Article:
Landscape photography is the supreme test of the photographer; and often the supreme disappointment – Ansel Adams
When Ansel Adams, The Master of landscape photography, talks about landscape photography in this fashion, it makes sense for all of us to take care of some basic aspects when taking landscape photos. Thankfully, taking care of a few aspects would make sure that the photos that we take are visually pleasing and compositionally brilliant. In the coming articles, we will look at these techniques to take small but significant steps towards becoming better landscape photographers.
Tip #1: Scout the spot for different angles
Our first instinct when we come across a picturesque location would be to start shooting without actually looking around for the perfect angle & composition. We would be better off if we can hold off our instincts for sometime to find an ideal location; a location where we can use the angle of light, patterns or textures, lines or curves for making our composition even better.
Tip #2: Make use of the golden hour
Early mornings (½ hour before sunrise & 1 hour after sunrise) and late evenings (1 hour before & ½ hour after) are the best times to capture the mood of the place. The light is not too harsh and offers great play of lights to be captured.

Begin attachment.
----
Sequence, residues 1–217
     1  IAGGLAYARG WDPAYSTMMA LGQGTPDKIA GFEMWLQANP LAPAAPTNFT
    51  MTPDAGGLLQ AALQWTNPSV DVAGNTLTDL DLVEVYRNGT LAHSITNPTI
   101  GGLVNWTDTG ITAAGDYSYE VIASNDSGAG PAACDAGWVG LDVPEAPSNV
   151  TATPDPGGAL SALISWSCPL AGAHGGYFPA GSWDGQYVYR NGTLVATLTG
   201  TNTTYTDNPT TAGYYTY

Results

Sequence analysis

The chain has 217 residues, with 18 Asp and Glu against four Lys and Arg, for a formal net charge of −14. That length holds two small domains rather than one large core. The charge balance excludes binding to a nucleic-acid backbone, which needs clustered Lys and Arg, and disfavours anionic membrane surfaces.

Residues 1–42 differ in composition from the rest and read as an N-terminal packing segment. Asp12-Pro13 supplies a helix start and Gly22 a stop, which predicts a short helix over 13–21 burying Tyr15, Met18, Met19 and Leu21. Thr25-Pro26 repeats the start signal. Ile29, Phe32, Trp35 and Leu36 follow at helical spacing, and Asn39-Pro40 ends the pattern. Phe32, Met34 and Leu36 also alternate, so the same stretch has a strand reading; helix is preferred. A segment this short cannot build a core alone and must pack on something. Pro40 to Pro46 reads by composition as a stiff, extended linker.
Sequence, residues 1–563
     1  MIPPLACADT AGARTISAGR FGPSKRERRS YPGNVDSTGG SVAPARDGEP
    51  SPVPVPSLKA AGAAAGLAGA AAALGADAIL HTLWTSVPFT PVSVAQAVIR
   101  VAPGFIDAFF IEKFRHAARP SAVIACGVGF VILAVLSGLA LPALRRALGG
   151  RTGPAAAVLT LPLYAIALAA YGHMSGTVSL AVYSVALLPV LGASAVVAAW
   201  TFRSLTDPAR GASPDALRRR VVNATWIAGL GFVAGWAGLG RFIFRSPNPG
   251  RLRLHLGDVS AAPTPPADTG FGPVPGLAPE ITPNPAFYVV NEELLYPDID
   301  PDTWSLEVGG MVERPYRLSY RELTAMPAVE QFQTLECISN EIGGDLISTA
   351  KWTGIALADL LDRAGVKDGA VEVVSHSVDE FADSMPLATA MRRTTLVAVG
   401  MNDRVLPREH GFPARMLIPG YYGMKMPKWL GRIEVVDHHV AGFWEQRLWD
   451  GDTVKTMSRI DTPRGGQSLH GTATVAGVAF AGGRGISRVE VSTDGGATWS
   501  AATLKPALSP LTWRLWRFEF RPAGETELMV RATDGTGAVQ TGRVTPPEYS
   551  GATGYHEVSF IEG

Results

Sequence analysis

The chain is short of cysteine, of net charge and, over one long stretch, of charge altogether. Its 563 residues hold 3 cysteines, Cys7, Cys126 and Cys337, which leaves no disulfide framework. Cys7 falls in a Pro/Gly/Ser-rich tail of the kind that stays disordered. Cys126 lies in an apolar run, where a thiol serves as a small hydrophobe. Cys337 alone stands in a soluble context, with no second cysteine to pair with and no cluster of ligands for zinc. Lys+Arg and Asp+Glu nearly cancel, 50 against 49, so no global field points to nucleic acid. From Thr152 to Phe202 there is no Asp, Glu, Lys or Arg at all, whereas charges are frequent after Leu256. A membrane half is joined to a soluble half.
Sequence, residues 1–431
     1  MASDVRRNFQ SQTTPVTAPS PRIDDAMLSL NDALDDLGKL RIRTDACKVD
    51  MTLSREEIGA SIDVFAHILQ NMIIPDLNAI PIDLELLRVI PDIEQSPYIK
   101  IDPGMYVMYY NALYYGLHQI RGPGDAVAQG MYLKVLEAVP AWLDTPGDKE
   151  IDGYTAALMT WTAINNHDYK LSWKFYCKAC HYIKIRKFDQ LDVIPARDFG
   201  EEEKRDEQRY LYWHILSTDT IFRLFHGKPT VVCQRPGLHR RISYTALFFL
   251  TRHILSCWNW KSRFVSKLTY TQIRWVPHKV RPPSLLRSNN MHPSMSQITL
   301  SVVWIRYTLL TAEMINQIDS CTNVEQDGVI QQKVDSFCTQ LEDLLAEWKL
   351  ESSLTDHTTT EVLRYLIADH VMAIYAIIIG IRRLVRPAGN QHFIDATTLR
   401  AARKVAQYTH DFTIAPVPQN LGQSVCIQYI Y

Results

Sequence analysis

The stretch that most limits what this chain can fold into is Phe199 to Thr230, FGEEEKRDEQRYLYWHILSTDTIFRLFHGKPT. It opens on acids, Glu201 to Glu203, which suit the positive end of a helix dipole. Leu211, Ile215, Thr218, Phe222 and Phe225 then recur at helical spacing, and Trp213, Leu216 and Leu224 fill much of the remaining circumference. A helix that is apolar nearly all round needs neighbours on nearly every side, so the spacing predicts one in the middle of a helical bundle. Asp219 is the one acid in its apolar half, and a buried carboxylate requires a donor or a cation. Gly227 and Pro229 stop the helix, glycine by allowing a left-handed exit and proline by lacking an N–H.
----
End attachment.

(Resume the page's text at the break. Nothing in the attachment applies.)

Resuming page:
Tip #3: Always use a polarizer
Polarizers help in cutting down reflections and enhancing the colors. Sky colors are darkened and dark skies offer a great background for landscape shots. The usage of a polarizer filter is different from the other filters and the important point is that it needs to rotated, the frame checked for color enhancement and then the picture clicked. Not rotating the filter would leave the possibility of getting enhanced colors entirely to chance and not choice!
Tip #4: Carry a tripod around
The pains of carrying a tripod will vanish the moment you capture a stunning picture which would have been impossible to take without a tripod at hand. It is not only useful for taking photos without shake but also to expand the creative possibilities like slow shutter speed shots, panoramic shots or multiple exposure shots that are used in generating vibrant looking HDR’s.